Wednesday, January 2, 2019

From inchoation to perfection

"O God, who in your kindness begin all good things and bring them to fulfillment, grant to us, who find joy in the Solemnity of the holy Mother of God, that, just as we glory in the beginnings of your grace, so one day we may rejoice in its completion.  Through."

"Deus, qui bona cuncta inchoas benignus et perficis, da nobis, de sollemnitate sanctae Dei Genetricis laetantibus, sicut de initiis tuae gratiae gloriamur, ita de perfectione gaudere.  Per."

     Apart from the 20th-century insertion of "de sollemnitate sanctae Dei Genetricis laetantibus" (1 January), this is taken word for word from the "Leonine" or Veronese sacramentary (and, according to Corpus orationum, no subsequent!), where it (no. 1006 in the modern critical edition) functions as a post-communion "in natale episcoporum" for the month of September.  The pre-1956 scholarship cited by Mohlberg dates it to between 537 and post-560, depending, attributing it to Leonine (?) anti-semi-Pelagianism, to Vigilius, to Pelagius I, etc.

Tuesday, January 1, 2019

"I have guarded them, and none of them is lost"

"Much further north, east of Budapest, beyond the Danube frontier of Rome, a skeleton was found at Hács-Béndekpuszta that still clasped in its hands a [late 5th-century] leaden tablet inscribed with verses of the Gospel of Saint John taken from the Gothic translation of the Bible made by Bishop Ulfilas [(c. 311-383)].  They are the prayers of Jesus for protection for his followers (John 17:11-12):  'Holy Father, keep them in my name. . . .  I have guarded them and none of them is lost.'  The part-runic Gothic writing, held in the grave, gave mute protection to a 'barbarian' on the edge of the steppes of Eastern Europe, in the same way it would in the catacombs of Rome itself."

     Peter Brown, "A world winking with messages," The New York review of books 65, no. 20 (December 20, 2018):  53 (52-54).  Brown cites pp. 40-41 of Carla Falluomini, The Gothic version of the Gospels and Pauline Epistles:  cultural background, transmission and character (de Gruyter, 2015), which says that the skeleton was that of a young man, and that the tablet, first uncovered in 1955/1958 but since lost, was dated to the last third of the 5th century.  Only in 1996 was it recognized that the text it bore was that of Jn 17:11-12.
     Image is a scan of a scan of most of Plate 17 in D. Székely, "A lead tablet with inscriptions from Hács-Béndekpuszta," Mitteilungen des Archäologischen Instituts der Ungarischen Akademie der Wissenschaften 7 (1977 [1978]):  41-43 and Plates 17-20 (which was published before the text had been deciphered, and compares it to the script of the Gothic Lord's Prayer in the University of Upsala's Codex Argentus).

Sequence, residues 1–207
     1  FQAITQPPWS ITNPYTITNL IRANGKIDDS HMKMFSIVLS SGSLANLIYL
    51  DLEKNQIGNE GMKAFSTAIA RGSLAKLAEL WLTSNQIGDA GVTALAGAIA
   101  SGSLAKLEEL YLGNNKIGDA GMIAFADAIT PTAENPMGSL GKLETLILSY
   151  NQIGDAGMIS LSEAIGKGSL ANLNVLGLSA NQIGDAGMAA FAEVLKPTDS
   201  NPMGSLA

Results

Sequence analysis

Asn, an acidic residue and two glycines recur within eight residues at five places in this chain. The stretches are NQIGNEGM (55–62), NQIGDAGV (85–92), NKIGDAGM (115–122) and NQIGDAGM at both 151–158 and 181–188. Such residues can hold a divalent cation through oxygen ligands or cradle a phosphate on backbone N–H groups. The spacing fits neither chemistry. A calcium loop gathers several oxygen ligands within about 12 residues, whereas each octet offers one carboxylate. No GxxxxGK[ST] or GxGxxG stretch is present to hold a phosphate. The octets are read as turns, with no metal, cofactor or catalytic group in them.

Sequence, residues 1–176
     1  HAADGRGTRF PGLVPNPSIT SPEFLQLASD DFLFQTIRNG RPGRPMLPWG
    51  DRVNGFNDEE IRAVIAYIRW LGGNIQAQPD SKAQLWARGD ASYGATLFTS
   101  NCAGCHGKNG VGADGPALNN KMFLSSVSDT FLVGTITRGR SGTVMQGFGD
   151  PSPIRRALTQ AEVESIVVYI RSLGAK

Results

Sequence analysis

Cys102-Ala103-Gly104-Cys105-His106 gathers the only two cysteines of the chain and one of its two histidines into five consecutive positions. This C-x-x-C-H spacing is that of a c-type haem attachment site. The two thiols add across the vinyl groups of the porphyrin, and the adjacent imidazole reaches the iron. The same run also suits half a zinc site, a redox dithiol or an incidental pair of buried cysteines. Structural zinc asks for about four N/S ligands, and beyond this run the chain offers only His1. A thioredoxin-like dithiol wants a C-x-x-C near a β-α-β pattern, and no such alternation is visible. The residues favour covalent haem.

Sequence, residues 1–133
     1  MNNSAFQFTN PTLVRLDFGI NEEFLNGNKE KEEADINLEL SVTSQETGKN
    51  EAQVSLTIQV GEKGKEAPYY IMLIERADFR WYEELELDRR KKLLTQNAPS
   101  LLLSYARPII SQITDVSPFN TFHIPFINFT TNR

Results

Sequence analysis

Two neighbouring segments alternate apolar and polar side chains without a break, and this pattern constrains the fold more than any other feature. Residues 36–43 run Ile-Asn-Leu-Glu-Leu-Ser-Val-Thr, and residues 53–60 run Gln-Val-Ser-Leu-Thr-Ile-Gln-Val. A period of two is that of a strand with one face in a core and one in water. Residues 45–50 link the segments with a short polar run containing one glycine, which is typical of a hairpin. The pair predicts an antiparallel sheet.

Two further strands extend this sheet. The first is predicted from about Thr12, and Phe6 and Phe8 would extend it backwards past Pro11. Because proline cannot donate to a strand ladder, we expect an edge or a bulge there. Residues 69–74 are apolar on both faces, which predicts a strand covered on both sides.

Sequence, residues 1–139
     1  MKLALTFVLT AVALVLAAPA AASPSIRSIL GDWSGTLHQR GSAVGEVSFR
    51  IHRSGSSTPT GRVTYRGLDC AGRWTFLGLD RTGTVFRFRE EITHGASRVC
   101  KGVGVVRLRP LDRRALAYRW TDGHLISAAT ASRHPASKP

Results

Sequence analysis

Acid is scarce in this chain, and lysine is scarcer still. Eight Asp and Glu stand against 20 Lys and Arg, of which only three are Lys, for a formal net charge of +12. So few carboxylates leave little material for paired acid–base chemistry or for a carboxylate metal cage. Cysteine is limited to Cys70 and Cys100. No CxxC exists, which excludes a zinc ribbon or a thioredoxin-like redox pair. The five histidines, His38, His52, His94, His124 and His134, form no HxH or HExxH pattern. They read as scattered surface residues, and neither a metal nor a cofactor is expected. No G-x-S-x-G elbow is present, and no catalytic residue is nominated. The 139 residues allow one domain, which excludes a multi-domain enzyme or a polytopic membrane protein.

Monday, December 31, 2018

"we don't allow [our children] to be free until we establish a constitution in them"

"law . . . is the ally of everyone. . . . [W]e don't allow [our children] to be free until we establish a constitution in them, just as in a city, and—by fostering their best part [(the rational part)] with our own—equip them with a guardian and ruler similar to our own to take our place.  Then, and only then, we set them free."

     Plato, Republic 9, 590d, trans. Grube & Reeve.

"the part that they're trying to fill is like a vessel full of holes, and neither it nor the things they are trying to fill it with are among the things that are"

"those who have no experience of reason or virtue, but are always occupied with feasts and the like, are brought down and then back up to the middle, as it seems, and wander in this way throughout their lives, never reaching beyond this to what is truly higher up, never looking up at it or being brought up to it, and so they aren't filled with that which really is and never taste any stable or pure pleasure.  Instead, they always look down at the ground like cattle, and, with their heads bent over the dinner table, they feed, fatten, and fornicate.  To outdo others in these things, they kick and butt them with iron horns and hooves, killing each other, because their desires are insatiable.  For the part that they're trying to fill is like a vessel full of holes, and neither it nor the things they are trying to fill it with are among the things that are [(ἅτε οὐχὶ τοῖς οὖσιν οὐδὲ τὸ ὂν οὐδὲ τὸ στέγον ἑαυτῶν πιμπλάντες; an initial stab:  as if filling with things that don't exist neither the existing nor the leak-proof [part] of themselves]."

     Plato, Republic 9, 585d-586b, trans. Grube & Reeve.

Sunday, December 30, 2018

"three things an intelligent preacher should never speak about"

"there are three things an intelligent preacher should never speak about, and which an up-to-date Christian should think about as seldom as possible, although one has to recite the Creed each Sunday (but there are so many myths therein; and besides, one can always repeat a formula—even in the vernacular—without stopping to think about it).
     "The first thing to leave in oblivion is obviously the other world (since there isn't any).
     "The second thing to leave in oblivion is the cross (it is only a symbol of the momentary sacrifices demanded by progress).
     "The third thing to leave in oblivion is sanctity—if it is true that sanctity has its principle, at the center of the soul (even if the saint remains plunged in the activities of the world) in a radical break with the world (in the Gospel sense of the word) and with the false god of the world, its mythical god, 'the Emperor of this world.'"

     Jacques Maritain, The peasant of the Garonne:  an old layman questions himself about the present time, trans. Michael Cuddihy and Elizabeth Hughes (New York:  Holt, Rinehart and Winston, 1968 [1966]), 57-58.